Firstly the person who says they are being bullied should be spoken to in a private setting. By active listening and gentle questioning the detailed facts can be established and evidence collected. It is helpful if the victim has preserved evidence about what form of bullying has taken place and they are ready to give examples of when it happened and how they felt. These stories can reveal jealousies and how the bully may see the victim as a threat to their career progression within a hierarchical structure. The resultant health related issues for the victim can be as serious as suicidal thoughts, whether they were demeaned as a one-off occurrence or when there is a pattern of bullying. Strong personal and professional support must be put in place for them, particularly if their mental health has suffered.
This should be followed by an interview with the person who is being accused. Careful preparation is needed if they have been accused of harbouring bad intentions and causing hurt. Are they conscious of the reasons they behaved badly? The aim is to strike the right balance in this difficult conversation, with no threats to this person’s identity, i.e. how they see themselves. The accused person may respond in an affronted way when you try to get them to see they have bullied someone. Using manipulation, putting forward an opposing view, professing their innocence and feeling wounded by the accusation, they may try to ‘flip’ the conversation. Despite their protestations it’s important not to get derailed and to keep an even tone in your voice as you establish the facts.
Bullies may not be conscious they’ve done something wrong and their attitude when challenged can be defensive – why am I wrong? When someone has that mind-set, question what the bully’s purpose is. Cognitive Behavioural Therapy (CBT) may help. Combined with a psychodynamic approach, the bully may gain an insight into their unconscious thoughts and get a reality check about how harsh they have been. This process can be effective in teaching a bully to develop a new insight into their unkind behaviour and can achieve positive outcomes.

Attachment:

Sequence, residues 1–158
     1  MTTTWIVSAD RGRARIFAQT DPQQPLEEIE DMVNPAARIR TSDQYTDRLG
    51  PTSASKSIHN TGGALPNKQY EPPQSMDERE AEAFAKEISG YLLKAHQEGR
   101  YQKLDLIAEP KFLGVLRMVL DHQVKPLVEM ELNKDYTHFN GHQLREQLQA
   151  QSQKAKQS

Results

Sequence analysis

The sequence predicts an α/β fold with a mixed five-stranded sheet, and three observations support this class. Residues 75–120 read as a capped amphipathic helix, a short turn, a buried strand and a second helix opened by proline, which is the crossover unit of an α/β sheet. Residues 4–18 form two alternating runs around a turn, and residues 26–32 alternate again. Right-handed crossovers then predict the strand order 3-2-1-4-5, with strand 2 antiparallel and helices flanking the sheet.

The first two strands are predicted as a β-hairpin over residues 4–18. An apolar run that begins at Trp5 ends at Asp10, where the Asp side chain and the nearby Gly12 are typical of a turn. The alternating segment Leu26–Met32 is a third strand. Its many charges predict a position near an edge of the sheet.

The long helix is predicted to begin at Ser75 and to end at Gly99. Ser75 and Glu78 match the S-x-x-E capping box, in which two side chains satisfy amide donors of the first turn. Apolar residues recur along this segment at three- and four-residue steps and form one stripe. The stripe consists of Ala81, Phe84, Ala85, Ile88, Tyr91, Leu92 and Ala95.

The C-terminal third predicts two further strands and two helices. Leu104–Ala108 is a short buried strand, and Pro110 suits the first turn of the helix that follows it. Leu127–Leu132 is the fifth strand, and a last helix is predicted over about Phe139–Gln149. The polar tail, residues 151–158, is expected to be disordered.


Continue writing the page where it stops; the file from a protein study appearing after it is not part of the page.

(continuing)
If you have felt bullied, either tell someone what has happened so that you have support, or gain power over the situation by the way you react to the bully. You will feel in more control if you can ignore a bully’s words and behaviour. Pause, stand back and think about what the bully is doing. However angry we feel about the bully, have an open mind about the reasons for their behaviour. This strength may seem hard to muster at the time but there is always a reason bullies act in the way they do; those who bully may need help themselves. Try and see things from both sides.
We owe it to each other to behave in a certain way and to feel safe together; and our own happiness and well-being is what guides us when we react to certain behaviours. Those who are affected by bullying should always ask for help. We need to reconcile our feelings of why someone would bully us, be confident of own emotional intelligence and speak out. Be brave, or get an advocate to speak out on your behalf. The support of others will add strength and can make the difference between a lives altering for the better, not continuing in misery.
Sources of Support
The QNI offers a confidential listening service, Talk to Us, for all nurses working in the community, primary and social care, who want to talk about any issue in their work or home life. Visit it here.
Other sources of support include:
- The free confidential 24/7 text messaging support service: https://giveusashout.org/get-help/
- Freedom to Speak Guardians https://www.nationalguardian.org.uk/information-on-speaking-up/
- RCN or other Union support https://www.rcn.org.uk/get-help/rcn-advice/bullying-and-harassment
- Your employer’s HR department.